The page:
Session Type: ACR Poster Session C
Session Time: 9:00AM-11:00AM
Background/Purpose: Hyperuricemia and gout are common in patients with chronic kidney disease (CKD), some ultimately requiring replacement therapy. Serum urate (SU) levels appear to achieve proper control under hemodialysis , making urate-lowering drugs (ULD) unnecessary in this setting. Scant data is available for peritoneal dialysis (PD). The aim of the present study was to assess SU levels and urate clearance in patients with CKD under PD.
Methods: A cross-sectional, monocentric study was performed, enrolling all twenty subjects followed in a PD unit during the study period (2018 Jan-Feb). Treatment modalities employed were continuous ambulatory peritoneal dialysis (CAPD) [n=6]; night intermittent peritoneal dialysis (NIPD) [n=3]; and continuous cyclic peritoneal dialysis (CCPD) [n=11]. Blood, 24h urine and dialysis fluid tests were requested in order to measure SU levels (primary outcome variable) and to estimate urate clearance (total, renal, and peritoneal) and residual kidney function (RKF), according to current guidelines . Hyperuricemia was considered as SU >6.8mg/dl. Demographic, clinical and PD-related variables were also collected to assess factors associated with being on SU target (<6.0 mg/dl). For outcome variables, 95% confidence intervals (95%CI) were estimated, and non-parametric tests (Mann-Whitney U’s, Kruskal-Wallis, chi-square, and Fisher’s exact) were used to evaluate associations.
Results: Median (IQR) age was 53.5 years (42.3-63.3), being 65% men. Sixty-five percent were on furosemide, and median RKF was 4.7 ml/min/1.73m2 (2.1-5.8). Half of subjects were hyperuricemic before initiating PD, only three (15%) reported gout. Urate-lowering drugs (ULD) were currently used in nine patients (45%), mostly allopurinol (n=8, at 100-150 mg/d), febuxostat in one (40 mg/d). In the sample, median SU levels were 5.4 mg/dl [95%CI 4.8-6.0], being 90% <6.8 mg/dl, and 80% <6.0 mg/dl. SU levels did not statistically varied according to the use of ULD (5.6 vs 4.2 mg/dl respectively, p=0.056). Median peritoneal urate clearance was 3.0 ml/min/1.73m2 [95%CI 2.5-3.5], that accounted for 71.4% of total urate clearance (4.2 ml/min/1.73m2, 95%CI 3.6-4.6). Explanatory variables that significantly associated with a SU on target were peritoneal urate clearance (3.2 vs 2.0 ml/min/1.73m2, p=0.006), RKF (4.0 vs 6.4 ml/min/1.73m2, p=0.032), and the use of CCPD modality (100% vs 0%, p=0.008). CCPD modality also showed significantly higher peritoneal urate clearance compared to CAPD and NIPD (3.7, 2.7, and 1.3 ml/min/1.73m2, respectively, p=0.011).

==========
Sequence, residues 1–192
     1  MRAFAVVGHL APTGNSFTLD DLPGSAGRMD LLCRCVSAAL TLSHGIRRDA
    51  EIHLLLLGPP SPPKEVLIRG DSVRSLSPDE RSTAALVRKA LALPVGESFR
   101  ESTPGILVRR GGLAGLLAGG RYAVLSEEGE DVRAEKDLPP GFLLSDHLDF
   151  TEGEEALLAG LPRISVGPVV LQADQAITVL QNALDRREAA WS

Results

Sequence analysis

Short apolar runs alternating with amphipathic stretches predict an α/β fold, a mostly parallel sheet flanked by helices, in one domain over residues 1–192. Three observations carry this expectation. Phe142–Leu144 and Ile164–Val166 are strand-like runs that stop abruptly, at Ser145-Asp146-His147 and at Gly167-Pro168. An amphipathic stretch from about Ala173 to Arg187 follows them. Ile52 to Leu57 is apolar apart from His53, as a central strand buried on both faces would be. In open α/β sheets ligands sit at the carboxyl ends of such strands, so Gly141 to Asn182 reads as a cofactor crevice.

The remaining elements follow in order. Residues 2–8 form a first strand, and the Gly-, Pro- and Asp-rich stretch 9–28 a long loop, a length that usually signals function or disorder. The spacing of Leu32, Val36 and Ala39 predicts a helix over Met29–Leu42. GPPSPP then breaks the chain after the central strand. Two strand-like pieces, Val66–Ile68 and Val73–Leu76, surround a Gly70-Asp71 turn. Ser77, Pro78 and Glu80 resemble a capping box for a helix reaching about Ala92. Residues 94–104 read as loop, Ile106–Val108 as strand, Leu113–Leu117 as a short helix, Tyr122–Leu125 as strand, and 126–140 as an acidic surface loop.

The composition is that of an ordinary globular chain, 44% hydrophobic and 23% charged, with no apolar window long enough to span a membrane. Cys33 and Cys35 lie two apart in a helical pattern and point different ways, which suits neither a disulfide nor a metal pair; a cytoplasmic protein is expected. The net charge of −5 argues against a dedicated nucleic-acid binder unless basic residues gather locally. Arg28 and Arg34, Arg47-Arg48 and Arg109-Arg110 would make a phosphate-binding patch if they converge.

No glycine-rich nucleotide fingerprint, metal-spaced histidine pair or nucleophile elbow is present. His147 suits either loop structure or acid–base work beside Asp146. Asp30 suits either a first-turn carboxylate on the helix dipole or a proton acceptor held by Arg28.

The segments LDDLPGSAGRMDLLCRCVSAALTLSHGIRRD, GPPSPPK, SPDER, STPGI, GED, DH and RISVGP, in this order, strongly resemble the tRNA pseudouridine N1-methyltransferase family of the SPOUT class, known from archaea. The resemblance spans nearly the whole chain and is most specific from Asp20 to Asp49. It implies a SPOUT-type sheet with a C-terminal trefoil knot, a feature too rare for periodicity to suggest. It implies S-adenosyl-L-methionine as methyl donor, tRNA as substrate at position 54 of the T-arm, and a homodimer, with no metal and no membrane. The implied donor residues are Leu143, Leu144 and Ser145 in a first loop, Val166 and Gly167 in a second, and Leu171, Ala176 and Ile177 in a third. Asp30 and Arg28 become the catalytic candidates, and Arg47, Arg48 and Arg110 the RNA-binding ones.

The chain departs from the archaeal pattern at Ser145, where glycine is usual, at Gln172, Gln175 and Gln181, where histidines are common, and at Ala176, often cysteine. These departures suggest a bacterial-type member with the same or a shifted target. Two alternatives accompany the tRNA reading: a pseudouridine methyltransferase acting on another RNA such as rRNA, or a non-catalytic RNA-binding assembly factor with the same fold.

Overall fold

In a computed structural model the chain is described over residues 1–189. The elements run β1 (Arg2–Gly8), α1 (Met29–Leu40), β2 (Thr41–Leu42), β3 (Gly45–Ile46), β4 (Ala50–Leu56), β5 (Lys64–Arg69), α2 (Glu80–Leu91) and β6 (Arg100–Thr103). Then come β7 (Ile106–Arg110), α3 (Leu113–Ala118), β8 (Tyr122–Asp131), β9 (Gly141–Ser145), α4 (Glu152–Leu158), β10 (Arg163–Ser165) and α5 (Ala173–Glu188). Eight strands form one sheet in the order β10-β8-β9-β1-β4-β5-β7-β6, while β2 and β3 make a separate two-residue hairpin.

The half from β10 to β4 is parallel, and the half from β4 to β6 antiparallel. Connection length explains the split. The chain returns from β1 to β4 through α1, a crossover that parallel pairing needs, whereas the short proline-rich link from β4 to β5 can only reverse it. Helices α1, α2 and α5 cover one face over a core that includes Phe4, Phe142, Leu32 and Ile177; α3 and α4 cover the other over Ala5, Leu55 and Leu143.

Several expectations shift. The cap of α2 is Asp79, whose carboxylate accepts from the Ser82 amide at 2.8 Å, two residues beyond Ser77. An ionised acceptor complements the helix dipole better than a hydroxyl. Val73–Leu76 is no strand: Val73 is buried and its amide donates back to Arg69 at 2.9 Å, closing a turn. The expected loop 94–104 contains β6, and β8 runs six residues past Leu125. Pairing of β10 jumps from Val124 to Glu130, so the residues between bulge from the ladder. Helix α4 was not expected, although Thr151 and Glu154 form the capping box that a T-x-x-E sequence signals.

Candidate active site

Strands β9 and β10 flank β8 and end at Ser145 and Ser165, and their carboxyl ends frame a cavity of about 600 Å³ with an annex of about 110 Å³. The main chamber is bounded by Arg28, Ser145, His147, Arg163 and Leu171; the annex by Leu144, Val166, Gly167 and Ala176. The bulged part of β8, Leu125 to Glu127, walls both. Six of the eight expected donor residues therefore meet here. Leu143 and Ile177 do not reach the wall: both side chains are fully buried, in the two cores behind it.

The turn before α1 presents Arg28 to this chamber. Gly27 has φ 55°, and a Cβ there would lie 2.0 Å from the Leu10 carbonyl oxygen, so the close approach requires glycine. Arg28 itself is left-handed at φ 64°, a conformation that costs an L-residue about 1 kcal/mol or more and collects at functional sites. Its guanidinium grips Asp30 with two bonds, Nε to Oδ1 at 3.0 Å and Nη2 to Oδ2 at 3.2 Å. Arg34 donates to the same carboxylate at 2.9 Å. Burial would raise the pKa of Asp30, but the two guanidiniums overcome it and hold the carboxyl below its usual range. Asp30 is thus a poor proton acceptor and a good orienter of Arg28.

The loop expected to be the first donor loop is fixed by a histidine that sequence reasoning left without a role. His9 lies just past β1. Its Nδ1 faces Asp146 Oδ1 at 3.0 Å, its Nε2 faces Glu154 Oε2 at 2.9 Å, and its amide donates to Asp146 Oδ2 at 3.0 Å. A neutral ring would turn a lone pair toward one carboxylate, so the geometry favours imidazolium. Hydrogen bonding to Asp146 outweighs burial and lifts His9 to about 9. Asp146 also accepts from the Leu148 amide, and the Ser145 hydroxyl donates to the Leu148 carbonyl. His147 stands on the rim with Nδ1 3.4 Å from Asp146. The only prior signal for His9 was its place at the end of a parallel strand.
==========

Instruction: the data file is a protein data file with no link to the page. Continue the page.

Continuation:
Conclusion: Most CKD patients under PD showed SU levels on target, suggesting that PD is effective for hyperuricemia management. ULDs appear then unnecessary in this setting. The CCPD modality showed the best results in terms of urate levels and its clearance, finding that may be of interest for CKD patients with gout.
References:  Arthritis Rheumatol. 2016;68suppl10: abstract #205.  Clinical practice guidelines for peritoneal adequacy, update 2006. Am J Kidney Dis. 2006;48 Suppl1:S91.
To cite this abstract in AMA style:Diez C, Pérez-Contreras J, Andrés M. Serum Urate Ant Its Clearance in Patients with Chronic Kidney Disease Under Peritoneal Dialysis [abstract]. Arthritis Rheumatol. 2018; 70 (suppl 9). https://acrabstracts.org/abstract/serum-urate-ant-its-clearance-in-patients-with-chronic-kidney-disease-under-peritoneal-dialysis/. Accessed January 30, 2023.
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